3 Ways to use your words charitably–How to help people in need from far away

Yesterday, it took me hours to get myself writing. Instead of typing at my keyboard, I was numb with fear for the residents of Israel (and, in fact, for the children of Gaza, whose safety is in jeopardy–regardless of who is jeopardizing it, which is a political question I refuse to address here). It’s only a couple weeks since Superstorm Sandy hit the eastern seaboard of the U.S. People lost homes, places of worship, jobs, every material good they possessed. And here I sit in California, comfortable and in no immediate threat of danger. There are no sirens warning of incoming rockets blasting in my neighborhood, and the rain outside is just a sprinkle.

On this blog, I write about words, and how to employ them. Today, I’m going take a break from discussing professional writing to give 3 ways you can use your words to help people in Israel and the victims of Hurricane Sandy.

1) You can blog to raise money for a (legitimate) charitably organization who will be helping the victims of Sandy (such as the Jewish charity Achiezer and the secular  American Red Cross).

2) You can write a letter or email (or post on a Facebook page) to a friend in Israel or in New York (or other Sandy-affected area). If you don’t know what to say, just say, “I want you to know I’m thinking about you. I’m far away, but you are not forgotten.”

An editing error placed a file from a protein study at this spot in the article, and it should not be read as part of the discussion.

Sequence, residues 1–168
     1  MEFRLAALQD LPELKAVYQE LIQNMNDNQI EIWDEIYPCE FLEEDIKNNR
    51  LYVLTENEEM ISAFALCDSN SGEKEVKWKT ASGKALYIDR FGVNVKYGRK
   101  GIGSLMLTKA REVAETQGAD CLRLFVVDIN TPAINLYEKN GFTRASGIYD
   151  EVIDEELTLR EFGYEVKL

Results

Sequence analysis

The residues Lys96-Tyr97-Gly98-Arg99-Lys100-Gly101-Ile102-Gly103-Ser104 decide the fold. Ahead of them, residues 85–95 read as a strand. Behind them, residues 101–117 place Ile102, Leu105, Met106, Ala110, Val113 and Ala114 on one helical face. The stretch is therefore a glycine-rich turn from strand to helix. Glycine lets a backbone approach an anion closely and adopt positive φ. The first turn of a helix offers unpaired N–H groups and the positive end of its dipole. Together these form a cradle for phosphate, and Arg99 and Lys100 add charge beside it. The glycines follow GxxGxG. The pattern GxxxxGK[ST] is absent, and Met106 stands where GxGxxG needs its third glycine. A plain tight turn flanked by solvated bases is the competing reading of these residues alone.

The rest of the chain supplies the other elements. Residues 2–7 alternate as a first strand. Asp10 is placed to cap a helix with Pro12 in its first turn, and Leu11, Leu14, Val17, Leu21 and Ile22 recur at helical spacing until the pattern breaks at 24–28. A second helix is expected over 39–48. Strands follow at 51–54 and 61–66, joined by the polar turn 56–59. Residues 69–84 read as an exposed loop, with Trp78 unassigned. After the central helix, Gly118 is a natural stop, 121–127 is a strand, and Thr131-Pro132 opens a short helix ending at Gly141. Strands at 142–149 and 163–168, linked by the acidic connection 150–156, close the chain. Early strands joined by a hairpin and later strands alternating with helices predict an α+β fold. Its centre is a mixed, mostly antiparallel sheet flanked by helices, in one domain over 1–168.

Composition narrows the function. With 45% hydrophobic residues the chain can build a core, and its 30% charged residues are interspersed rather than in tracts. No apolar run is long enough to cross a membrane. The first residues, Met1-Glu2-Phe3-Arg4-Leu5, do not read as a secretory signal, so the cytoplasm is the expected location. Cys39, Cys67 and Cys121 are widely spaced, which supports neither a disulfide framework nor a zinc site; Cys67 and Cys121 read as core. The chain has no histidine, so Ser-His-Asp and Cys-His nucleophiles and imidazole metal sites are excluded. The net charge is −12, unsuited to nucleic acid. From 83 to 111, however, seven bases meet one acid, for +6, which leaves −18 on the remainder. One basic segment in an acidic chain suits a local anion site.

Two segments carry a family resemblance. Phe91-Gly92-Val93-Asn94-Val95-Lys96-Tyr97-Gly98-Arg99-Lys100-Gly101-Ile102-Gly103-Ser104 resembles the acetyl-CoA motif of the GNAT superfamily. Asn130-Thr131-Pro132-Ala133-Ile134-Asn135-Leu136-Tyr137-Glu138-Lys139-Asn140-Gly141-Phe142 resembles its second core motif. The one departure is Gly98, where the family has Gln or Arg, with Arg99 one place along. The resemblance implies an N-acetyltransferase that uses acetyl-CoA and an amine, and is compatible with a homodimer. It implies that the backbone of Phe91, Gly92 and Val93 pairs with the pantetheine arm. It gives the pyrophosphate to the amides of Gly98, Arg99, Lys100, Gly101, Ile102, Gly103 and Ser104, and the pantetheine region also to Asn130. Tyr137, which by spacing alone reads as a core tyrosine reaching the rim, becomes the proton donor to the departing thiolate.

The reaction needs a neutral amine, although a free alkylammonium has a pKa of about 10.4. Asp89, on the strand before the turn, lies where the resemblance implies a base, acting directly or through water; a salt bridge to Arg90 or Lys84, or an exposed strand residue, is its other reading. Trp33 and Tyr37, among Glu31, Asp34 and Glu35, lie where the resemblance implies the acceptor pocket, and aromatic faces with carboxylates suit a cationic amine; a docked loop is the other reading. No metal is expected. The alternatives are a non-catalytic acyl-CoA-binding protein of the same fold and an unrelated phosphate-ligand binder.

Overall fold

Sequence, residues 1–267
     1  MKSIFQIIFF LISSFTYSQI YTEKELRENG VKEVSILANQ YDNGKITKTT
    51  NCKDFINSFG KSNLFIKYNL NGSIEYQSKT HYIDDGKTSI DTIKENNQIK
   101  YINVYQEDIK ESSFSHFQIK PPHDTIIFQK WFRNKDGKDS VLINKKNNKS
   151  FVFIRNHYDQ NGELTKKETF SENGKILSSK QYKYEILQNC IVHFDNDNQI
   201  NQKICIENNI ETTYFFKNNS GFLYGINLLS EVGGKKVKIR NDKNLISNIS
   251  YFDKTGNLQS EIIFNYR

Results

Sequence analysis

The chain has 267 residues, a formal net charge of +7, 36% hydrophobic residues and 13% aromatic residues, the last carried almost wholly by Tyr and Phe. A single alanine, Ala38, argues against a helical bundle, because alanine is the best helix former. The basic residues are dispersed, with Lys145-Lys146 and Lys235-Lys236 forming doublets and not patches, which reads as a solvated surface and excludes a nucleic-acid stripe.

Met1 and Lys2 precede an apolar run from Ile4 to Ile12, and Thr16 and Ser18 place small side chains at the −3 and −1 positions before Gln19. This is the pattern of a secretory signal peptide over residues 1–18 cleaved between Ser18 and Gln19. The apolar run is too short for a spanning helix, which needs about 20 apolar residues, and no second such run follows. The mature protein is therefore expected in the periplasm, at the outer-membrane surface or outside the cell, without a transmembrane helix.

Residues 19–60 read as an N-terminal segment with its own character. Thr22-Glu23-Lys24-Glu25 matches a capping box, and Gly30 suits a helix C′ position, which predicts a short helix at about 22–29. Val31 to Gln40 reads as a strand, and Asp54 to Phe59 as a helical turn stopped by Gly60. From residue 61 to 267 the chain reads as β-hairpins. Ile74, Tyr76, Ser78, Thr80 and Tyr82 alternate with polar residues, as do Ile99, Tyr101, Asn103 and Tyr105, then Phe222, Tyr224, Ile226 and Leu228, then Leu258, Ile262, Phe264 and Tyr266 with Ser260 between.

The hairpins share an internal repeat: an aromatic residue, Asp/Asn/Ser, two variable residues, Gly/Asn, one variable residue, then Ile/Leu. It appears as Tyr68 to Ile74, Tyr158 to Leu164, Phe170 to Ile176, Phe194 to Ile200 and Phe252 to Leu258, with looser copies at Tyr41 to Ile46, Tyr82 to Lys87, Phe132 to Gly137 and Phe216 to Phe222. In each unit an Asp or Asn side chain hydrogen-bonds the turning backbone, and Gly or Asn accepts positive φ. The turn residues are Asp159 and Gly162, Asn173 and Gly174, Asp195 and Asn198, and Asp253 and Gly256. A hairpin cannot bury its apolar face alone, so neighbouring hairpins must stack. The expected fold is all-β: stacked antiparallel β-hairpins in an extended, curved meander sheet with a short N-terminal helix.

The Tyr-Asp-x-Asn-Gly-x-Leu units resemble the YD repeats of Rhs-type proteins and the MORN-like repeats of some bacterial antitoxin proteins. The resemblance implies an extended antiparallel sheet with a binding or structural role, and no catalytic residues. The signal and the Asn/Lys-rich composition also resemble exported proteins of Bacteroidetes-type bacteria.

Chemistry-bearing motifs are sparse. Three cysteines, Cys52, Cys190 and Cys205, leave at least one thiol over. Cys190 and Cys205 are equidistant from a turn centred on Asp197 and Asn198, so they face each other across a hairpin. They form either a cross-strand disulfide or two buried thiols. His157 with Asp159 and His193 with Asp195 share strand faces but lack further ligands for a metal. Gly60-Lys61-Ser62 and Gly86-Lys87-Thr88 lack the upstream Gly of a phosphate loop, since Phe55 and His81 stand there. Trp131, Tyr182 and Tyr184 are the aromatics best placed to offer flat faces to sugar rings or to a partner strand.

3) You can write something to bring goodness in the world–a letter apologizing to someone you hurt, intentionally or not; a letter to someone lonely; something kind and beautiful. Then mail it.


The Giving Tree

The giving tree [Book]

Just wanted to share an interesting post on MetroImma.com about the book The Giving Tree, by Shel Silverstein.


The author of the article is very concerned about Silverstein’s understanding about giving. Personally, I agree.
Right now we are in the period of Sefira, between Passover and Shavuot. In the first week , we learned about the sefira of “chessed,” giving and lovingkindness. Through the idea of interinclusion, that each sefira contains aspects of the others, we learn that giving must include “gevurah,” which is strength and restraint. We need to know–both as mothers and as human beings–that strength and restraint are required even when we are giving.
Do you agree with Silverstein or the MetroImma post? Please share your comments below.